OPT is headquartered near the Princeton home of co-founder George W. Taylor, a 74-year-old engineer who learned the power of waves as a young surfer growing up in Australia.

Taylor considers his Jersey buoy a showcase of the potential for wave "farms" _ clusters of buoys moored off the more vigorous coasts of the world, pumping electricity ashore via underwater cables.

Indeed, ocean energy is "probably the last of the large natural resources not yet investigated for producing electricity in the United States," according to a report from the nonprofit Electric Power Research Institute.

While the technology is still in its infancy, the report predicts ocean energy could be among the most environmentally benign generation methods yet developed.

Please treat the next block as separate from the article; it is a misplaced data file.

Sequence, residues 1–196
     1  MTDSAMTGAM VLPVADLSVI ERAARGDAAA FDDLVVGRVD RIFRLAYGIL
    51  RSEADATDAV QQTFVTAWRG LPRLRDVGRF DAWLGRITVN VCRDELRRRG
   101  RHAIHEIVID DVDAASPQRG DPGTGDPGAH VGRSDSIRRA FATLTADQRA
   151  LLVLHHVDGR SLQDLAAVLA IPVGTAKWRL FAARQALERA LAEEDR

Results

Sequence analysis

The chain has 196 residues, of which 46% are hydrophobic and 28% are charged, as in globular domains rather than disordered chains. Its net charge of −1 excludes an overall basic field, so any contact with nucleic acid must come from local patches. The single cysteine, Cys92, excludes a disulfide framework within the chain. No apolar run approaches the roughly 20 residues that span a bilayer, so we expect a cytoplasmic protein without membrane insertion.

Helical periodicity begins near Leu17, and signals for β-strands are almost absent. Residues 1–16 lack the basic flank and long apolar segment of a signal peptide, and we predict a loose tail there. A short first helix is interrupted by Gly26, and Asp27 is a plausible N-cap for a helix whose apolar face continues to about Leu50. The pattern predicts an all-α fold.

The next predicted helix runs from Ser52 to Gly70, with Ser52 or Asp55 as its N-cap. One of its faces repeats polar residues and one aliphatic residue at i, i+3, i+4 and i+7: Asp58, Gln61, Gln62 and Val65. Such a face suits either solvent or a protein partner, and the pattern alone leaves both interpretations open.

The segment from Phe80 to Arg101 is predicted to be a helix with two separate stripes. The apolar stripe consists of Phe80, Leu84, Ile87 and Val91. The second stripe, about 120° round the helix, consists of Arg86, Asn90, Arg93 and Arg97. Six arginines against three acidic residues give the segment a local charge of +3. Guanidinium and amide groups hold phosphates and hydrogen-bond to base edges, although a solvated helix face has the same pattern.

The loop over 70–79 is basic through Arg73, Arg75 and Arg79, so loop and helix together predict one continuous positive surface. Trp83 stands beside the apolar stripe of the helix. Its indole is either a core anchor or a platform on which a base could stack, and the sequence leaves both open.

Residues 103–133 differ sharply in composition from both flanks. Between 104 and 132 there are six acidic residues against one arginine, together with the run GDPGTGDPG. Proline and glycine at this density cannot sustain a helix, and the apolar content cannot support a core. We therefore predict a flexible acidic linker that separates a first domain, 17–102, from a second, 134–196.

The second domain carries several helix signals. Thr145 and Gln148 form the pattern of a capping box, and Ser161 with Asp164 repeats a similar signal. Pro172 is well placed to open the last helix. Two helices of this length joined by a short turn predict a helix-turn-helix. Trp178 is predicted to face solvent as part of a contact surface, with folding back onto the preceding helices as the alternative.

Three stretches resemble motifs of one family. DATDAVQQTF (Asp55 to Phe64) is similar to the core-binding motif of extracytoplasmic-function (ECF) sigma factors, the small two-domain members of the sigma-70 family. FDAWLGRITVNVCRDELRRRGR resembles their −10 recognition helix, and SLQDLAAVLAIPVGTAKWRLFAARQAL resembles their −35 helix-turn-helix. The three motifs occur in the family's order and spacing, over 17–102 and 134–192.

The vast bulk of the world's energy, of course, is produced using coal, oil, natural gas, nuclear or hydroelectric power, each of which poses serious environmental risks.

The least harmful sources are solar, wind, geothermal and what can be called "hydrokinetic" _ electricity generated from waves or directly from the flow of water in ocean currents, tides or inland waterways.

Roger Bedard, the institute's ocean energy expert, says the potential for getting power from waves and tides is "significant."

It could generate the equivalent of 10 percent of the nation's current power needs, says Bedard, who maintains this is no pie-in-the-sky figure but one that already accounts for inefficiencies and practicalities.

Europe is far ahead of the United States, although proposals here have been mounting.

In 2005 and 2006 combined, the Federal Energy Regulatory Commission issued just four preliminary permits for hydrokinetic projects. That number rose to 33 in 2007, and 77 so far this year.